My mother, for the majority of my childhood and teen years, stayed at home with my brother and me. My parents divorced when I was in high school and my mom ended up getting a great job and going back to work full-time to support herself. My father remarried some years later and once made a comment to me that his new wife helped him more in his marriage than he ever had with my mother, which I took as all being relative to her financial contributions. His new wife, who he is no longer married to, worked full-time and had done alright financially, but she had also never married and not have any children.

His statement really struck me. He said it shortly before my own wedding, and I was already in a job that was paving the way for me to be a stay at home mom in a couple years’ time. He didn’t say it to hurt me, but how could I not feel like my impending role as a mother would not be enough. My mom was an unbelievable mother. She was she was caring and affectionate, an amazing listener, super fun, goofy, and a gourmet lunch maker. I was picked up and dropped off on time, I had clean clothes, and hot meals, and all of her love and support played an integral role in my development. I was really disappointed by the comment my father had made because if he felt like all that work my mom had done was not helpful, then would I also be letting my own husband down if I didn’t myself endeavor on a financially lucrative career path? I think, perhaps, my dad was being defensive at the time he made this statement, and if I confronted him on it now, he would probably apologize for that, but the mere fact he said it reaffirms some of my hang-ups with success being weighted so heavily on a financial scale.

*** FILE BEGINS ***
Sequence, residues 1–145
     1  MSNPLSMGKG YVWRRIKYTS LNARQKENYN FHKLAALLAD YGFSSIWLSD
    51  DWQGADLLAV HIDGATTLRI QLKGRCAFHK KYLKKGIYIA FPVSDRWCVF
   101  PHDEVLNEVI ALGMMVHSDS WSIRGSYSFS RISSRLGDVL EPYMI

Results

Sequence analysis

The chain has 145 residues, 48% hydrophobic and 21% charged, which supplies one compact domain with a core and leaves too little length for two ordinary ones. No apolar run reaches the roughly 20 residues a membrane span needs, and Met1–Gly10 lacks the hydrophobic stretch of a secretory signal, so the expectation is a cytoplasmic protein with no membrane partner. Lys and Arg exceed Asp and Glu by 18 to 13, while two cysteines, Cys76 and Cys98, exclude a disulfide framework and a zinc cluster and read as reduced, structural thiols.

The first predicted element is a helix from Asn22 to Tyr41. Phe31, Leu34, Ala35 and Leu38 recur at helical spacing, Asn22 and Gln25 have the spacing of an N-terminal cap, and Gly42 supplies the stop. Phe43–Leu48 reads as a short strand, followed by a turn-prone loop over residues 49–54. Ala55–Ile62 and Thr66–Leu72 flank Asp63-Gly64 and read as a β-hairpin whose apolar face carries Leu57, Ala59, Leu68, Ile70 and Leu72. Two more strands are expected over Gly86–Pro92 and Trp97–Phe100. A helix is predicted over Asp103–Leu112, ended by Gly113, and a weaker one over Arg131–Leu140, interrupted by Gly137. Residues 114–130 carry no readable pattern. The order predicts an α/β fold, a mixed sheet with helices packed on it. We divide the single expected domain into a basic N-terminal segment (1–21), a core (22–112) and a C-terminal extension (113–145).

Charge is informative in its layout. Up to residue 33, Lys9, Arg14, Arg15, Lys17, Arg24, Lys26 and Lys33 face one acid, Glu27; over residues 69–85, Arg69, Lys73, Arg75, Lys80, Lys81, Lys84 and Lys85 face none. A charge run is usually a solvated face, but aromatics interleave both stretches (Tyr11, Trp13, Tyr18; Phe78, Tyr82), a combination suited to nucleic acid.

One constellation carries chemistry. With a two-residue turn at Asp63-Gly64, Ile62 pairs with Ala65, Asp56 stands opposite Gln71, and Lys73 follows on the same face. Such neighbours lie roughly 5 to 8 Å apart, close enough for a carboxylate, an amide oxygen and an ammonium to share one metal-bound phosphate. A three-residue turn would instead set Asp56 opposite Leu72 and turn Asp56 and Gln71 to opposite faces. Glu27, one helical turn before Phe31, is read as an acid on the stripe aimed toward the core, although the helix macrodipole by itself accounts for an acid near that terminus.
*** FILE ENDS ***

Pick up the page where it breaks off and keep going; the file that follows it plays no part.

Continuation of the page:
Listening to my grandmother’s stories during her visit was magical. I just love hearing her talk about her life and how things were when she was young. She actually has dementia, so she repeats herself constantly, but the themes of her tales are perpetually family. By the time you’re 90, it’s all that matters I guess. In my personal life, I feel so fulfilled. My husband and I have a great marriage. Our ideals and values are well-aligned and we laugh a ton. We respect and appreciate each other. We have two children, who are healthy. I cannot think of any greater blessings. Don’t get me wrong. Money makes life a lot easier, and is often a direct result of hard work and intelligence coming together. It is commendable and it is important to have money to live comfortably, but it’s not the most important thing. Love, health, and the relationships we cultivate are the most important things.